I hope your Dad was right and this isn't a stupid question!
Why is the term 'linear foot' used? Is there any difference in that and
just 'a foot' ( no not the one on the human body!! :-)? If so, what is
the difference??

Look forward to your reply.
Denise from Mount Pearl, Newfoundland, Canada

Hi Denise,

A linear foot refers to a foot in one dimension only, its length. We also have square foot and cubic foot, feet in two and three dimensions, as well. Going a bit further, we have a board foot which is a type of cubic measurement which is 12" wide, 12" long and 1" thick. Mainly in construction terminology we refer to a lineal foot as a one foot length of 2x4, 2x6, 1x4, or 1x6, etc. We don't hear the board foot talked about too much, although building supply dealers in dealing with large amounts of lumber, still refer to cost per 1000 feet board measure. Dan put together a conversion calculator which will actually convert between lengths of lumber to quantity of board feet.

So to answer your question (which is not stupid, in my opinion) no there is no difference in the linear foot and the foot, because when we use just the term foot we imply the length of the piece measured. We always specify square or cubic footage.



I have found in my bathroom ceiling that someone has cut out a section
of one of the 2x10 joists to install a shower trap in the bathroom above.

The room is 9' x 9'. The joists are 16" O.C.
The gap in the joist is about 24". It is currently cantilevered on a
curtain wall - not meant to take weight and that I want to remove.
I want to sister in another 2x10. Issues are:
1- I cannot remove the blocking from one of the supporting walls, so there
will only be a 2" overhang on the one ledger.
2- I don't know how long to make the sister joist or what size bolts to use.

Thanks for your help!

Hi Charles,

That's plumbers for ya!!

If you have room beside the cut joist, great. Install it beside the joist and just nail it in every 16" top and bottom, if you can get full bearing. Full bearing is at least 1 1/2" of the end of the joist on a bearing wall or ledger. With this joist replacing the original, the cut one won't be needed anymore, but I would leave it in and just nail the other one to it. If you can't get good bearing on both ends the sistered joist becomes like a scab over the cut joist. This is where the bolts come in. I would use at least 3/8" bolts top and bottom every 16" apart. The longer the joist to replace the cut one the better.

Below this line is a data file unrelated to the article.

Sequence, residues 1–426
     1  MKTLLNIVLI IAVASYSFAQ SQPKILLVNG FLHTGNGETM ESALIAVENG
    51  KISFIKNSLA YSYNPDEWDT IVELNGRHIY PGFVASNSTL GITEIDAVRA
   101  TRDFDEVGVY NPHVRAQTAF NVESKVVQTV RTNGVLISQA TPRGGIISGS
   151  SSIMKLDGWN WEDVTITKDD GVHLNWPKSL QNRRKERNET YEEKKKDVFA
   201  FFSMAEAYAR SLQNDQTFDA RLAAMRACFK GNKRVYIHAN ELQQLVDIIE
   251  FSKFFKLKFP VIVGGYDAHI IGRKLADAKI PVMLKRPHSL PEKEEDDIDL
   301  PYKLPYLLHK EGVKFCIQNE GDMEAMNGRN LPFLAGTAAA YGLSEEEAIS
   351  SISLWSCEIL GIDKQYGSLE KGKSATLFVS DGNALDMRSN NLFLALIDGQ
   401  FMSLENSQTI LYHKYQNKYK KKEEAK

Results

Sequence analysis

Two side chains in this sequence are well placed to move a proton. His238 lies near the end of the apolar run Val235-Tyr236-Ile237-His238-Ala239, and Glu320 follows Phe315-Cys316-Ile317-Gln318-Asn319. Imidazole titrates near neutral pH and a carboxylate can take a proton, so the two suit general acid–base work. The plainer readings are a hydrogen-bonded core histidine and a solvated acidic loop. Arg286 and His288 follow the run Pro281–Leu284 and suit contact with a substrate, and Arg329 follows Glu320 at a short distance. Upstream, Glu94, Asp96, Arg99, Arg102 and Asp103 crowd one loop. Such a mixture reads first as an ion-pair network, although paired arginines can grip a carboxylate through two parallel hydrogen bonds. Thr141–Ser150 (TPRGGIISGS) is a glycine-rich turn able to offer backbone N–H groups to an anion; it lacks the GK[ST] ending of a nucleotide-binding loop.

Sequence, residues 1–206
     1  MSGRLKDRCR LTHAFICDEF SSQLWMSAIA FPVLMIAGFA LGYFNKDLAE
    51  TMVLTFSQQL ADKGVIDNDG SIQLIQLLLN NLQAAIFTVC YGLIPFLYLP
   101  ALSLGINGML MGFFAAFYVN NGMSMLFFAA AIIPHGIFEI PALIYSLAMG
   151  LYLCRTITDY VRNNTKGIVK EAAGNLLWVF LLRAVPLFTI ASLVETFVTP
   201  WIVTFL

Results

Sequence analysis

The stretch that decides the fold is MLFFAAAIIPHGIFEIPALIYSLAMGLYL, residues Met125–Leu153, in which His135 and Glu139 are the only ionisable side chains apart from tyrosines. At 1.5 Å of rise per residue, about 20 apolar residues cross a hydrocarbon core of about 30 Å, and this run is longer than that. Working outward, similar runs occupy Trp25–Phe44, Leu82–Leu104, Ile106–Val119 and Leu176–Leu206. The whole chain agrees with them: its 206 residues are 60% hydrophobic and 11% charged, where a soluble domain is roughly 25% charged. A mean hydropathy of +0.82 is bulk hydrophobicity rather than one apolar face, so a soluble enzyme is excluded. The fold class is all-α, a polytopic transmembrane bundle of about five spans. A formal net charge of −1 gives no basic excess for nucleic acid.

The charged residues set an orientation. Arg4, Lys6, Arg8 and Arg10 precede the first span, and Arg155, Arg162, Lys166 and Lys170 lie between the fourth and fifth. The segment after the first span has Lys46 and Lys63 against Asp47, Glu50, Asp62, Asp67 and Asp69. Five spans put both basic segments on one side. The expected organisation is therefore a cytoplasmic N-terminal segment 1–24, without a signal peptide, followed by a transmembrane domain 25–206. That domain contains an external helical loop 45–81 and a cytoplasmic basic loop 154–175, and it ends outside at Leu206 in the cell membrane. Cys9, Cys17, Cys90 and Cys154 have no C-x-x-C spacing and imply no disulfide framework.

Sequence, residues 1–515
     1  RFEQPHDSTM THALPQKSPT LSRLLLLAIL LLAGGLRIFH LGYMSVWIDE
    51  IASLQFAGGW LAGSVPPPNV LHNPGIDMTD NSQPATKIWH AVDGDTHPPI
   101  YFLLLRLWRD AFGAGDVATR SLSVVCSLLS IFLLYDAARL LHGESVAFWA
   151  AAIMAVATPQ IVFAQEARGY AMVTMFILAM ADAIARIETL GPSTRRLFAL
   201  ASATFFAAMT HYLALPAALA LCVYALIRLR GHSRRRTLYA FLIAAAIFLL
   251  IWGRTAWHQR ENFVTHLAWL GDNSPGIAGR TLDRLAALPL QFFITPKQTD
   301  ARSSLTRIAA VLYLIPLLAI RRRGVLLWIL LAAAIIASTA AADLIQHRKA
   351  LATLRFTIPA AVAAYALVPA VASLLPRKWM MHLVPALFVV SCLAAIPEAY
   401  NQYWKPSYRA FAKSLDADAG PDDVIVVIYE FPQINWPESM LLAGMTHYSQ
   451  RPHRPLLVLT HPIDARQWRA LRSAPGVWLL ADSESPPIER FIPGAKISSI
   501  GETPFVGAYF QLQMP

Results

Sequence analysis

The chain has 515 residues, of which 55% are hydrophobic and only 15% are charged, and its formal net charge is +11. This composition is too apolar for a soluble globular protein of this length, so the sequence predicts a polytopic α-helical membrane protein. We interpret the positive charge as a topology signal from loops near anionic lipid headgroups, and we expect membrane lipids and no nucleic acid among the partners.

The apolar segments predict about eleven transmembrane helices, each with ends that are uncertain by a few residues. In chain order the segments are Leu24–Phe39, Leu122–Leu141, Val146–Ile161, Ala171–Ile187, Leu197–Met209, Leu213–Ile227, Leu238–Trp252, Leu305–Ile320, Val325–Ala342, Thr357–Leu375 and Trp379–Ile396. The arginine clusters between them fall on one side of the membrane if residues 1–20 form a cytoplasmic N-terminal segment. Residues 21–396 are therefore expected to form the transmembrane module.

When you refer to the ledger is this a 2x4 nailed to the face of the studs or the top of a bearing wall?


Charles wrote:

Hi Dave - that was quick! Yeah, plumbers......
I meant a 2x4 on top of a bearing wall. This is the top of the first
(ground) floor, and above is the second (top) floor.
I think I will use bolts because I can't sister it exactly face to face,
due to the shower trap, I need to actually use other bits of 2x10
as spacers or shims which I will sandwich in between the old and new 2x10s.
I guess its important to used washers with the bolts to spread the load?

One last thing, I guess I will measure the existing 2x10 and try to get
the lumber yard to shave off a hair of the new one if the new is
slightly taller. I get 9" on the old one circa 1962.

Charles (San Francisco)

Hi Charles,

Yes, that's the idea with the spacers, use flat washers for sure. Yes rip the joist down to 9". In 1962 that joist probably started out 9 5/8", today it is more like 9 1/4", dry.